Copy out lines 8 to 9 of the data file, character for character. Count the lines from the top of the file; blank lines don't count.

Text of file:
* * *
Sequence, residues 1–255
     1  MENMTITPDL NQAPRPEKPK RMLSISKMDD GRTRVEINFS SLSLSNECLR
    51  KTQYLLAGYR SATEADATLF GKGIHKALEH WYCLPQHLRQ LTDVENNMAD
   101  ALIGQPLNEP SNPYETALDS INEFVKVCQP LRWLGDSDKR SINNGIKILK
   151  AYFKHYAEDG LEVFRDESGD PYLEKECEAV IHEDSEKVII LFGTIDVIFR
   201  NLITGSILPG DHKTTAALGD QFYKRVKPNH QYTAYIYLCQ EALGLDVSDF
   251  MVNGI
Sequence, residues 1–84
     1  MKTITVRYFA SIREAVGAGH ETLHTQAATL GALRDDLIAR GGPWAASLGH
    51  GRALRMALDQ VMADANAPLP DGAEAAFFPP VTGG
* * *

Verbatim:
Sequence, residues 1–84
     1  MKTITVRYFA SIREAVGAGH ETLHTQAATL GALRDDLIAR GGPWAASLGH